I know that I have sent up warning signals in the past, but now more than ever a retired person living off of dividend income to pay expenses must be aware of what the markets, and our world, are facing. I would think long and hard about buying just about any stock right now, even Dividend Aristocrats. In my eyes, everything is overvalued or faces headwinds that could affect stocks for a longer period of time than we would like:
- Valuations of even the greatest companies on Earth are quite high.
- The world is changing, and so are we.
- We might have spent years building up a portfolio that pays us handsomely in the form of dividends, but that income can drop at any time, and we must be aware of how it will affect us and what our risk tolerances are.
- Even those with more time to recover might want to consider sitting on the sidelines for a while.
This Is Not A Cause To Panic But To Reflect
Two recent articles of mine, this one on Exxon Mobil (NYSE:XOM) and this one on IBM Corp. (NYSE:IBM), offer two completely different perspectives. XOM seems to have a fundamental problem with its ability to continue increasing dividends, and IBM appears to be able to continue increasing and paying its dividend but is facing major issues within its own business. IBM seems undervalued, XOM seems overvalued, yet both stocks are not right for me to do anything with at this point.
I won't be selling XOM and I will not be buying IBM. I am not panicking; I am evaluating the stocks as well as the model Team Alpha Portfolio, and have decided to view the portfolio as it is and keep an eye on the dividend income being produced.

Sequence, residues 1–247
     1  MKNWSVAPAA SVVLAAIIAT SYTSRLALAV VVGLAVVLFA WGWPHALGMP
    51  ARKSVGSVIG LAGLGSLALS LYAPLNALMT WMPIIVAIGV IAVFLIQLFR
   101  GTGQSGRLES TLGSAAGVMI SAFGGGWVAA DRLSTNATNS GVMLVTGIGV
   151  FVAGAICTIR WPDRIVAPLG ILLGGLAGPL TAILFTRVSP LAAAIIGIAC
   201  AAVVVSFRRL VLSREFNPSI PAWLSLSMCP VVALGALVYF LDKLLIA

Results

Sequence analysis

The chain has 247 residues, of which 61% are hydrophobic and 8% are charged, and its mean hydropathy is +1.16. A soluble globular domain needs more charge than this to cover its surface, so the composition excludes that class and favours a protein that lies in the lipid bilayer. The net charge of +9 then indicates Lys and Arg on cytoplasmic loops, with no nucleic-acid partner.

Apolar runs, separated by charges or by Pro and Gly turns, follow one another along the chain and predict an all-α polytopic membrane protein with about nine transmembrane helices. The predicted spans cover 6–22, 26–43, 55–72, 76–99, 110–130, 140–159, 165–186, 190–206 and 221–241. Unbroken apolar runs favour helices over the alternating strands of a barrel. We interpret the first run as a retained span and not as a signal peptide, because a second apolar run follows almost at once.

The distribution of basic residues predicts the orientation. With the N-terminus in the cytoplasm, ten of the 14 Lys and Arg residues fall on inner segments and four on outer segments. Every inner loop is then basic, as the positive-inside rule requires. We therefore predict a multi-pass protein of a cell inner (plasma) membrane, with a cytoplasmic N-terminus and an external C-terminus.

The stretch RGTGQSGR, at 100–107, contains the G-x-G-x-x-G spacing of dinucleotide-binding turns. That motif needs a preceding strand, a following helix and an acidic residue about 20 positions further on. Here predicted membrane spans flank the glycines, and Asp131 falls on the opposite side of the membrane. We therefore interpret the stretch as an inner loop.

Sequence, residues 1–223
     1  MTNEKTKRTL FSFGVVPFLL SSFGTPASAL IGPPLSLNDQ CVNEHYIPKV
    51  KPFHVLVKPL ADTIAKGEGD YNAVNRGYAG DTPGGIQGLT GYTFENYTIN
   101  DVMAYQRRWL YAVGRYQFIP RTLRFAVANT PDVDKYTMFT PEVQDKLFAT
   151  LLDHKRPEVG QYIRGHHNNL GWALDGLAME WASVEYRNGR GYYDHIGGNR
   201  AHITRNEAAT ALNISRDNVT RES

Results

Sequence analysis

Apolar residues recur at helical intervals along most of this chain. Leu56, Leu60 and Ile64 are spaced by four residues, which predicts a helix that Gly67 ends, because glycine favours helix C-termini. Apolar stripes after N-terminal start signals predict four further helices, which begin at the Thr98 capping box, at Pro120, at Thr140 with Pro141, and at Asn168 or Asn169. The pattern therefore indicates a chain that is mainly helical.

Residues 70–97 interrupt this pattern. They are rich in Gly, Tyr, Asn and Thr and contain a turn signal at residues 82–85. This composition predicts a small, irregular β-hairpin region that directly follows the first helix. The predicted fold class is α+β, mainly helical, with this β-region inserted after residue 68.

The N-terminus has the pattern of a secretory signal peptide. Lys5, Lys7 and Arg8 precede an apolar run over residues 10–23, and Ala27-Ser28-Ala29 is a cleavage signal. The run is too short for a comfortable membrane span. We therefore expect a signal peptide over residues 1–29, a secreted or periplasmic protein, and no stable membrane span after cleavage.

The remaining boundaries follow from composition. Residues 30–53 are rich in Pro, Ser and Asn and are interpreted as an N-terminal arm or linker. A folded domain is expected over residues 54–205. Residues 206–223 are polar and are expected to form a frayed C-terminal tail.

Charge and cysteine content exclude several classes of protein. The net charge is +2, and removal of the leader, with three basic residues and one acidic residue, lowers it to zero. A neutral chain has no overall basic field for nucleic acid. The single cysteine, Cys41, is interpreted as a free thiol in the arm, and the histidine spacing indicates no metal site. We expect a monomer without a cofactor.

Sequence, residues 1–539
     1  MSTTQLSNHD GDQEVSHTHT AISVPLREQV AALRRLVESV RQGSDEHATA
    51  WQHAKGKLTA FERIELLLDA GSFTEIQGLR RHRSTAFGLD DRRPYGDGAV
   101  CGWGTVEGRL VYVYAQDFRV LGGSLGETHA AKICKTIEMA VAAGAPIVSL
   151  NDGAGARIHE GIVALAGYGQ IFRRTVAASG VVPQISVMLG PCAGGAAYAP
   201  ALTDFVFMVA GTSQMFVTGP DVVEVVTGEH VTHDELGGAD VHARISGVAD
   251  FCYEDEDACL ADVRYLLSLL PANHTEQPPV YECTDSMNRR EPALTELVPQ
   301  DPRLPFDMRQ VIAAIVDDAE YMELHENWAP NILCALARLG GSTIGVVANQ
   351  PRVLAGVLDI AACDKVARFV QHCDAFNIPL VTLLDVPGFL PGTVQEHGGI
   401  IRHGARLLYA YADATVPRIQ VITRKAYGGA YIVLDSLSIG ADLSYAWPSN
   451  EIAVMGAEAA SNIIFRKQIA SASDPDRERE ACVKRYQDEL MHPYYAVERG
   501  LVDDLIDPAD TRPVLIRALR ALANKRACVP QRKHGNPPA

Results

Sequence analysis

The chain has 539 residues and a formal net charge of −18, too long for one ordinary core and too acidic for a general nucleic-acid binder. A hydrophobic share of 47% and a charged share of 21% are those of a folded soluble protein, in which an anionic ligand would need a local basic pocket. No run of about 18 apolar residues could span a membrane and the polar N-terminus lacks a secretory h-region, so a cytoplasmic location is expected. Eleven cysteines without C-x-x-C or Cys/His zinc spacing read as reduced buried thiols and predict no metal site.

The model portfolio now currently consists of the following stocks: XOM, Johnson & Johnson (NYSE:JNJ), AT&T (NYSE:T), Procter & Gamble (NYSE:PG), Coca-Cola (NYSE:KO), Realty Income (NYSE:O), Main St. Capital (NYSE:MAIN), Microsoft (NASDAQ:MSFT), Con Edison (NYSE:ED), Altria (NYSE:MO), Nuveen Floating Rate Income Fund (NYSE:JFR), Apollo Global Management (NYSE:APO), Apple (NASDAQ:AAPL), Ford (NYSE:F), and Bank of America (NYSE:BAC).
While I continue to look for opportunities to grow the income, I will be looking at this portfolio in the following manner:
For now, the income produced is reliable. That being said, I will be looking at each stock to make certain that the income from dividends in this model portfolio are as safe and reliable as they were 2 years ago. I would urge every dividend growth investor to do the same with their real portfolios and to keep a close eye on at least the following metrics:
- Payout Ratio (Is it over 80%? Why?)
- Cash Flow (Has is increased or declined?)
- Debt (Has it increased or declined?)
- Cash Reserves (Have they increased or declined?)
- Dividend Growth (If it has continued to grow, how is it being paid for?)
Obviously, the business segment and the company performance to a changing landscape can also give some clues to the long-term viability of the income being produced, so I suggest looking closely at both the earnings reports as well as the forward guidance given during conference calls.
By paying close attention, a dividend growth investor can then evaluate their own risk tolerance as well as their time horizon to recover from setbacks and decide if it might be time to be more conservative and reduce equity exposure, and to increase cash reserves to redeploy when bargains may be had.
For the purposes of illustration, TARP will remain as it is, and although I have determined that XOM might face issues, I will not reduce the allocation, nor will I increase the allocation in my two favorite high-yielding stocks, Realty Income and Main Street Capital.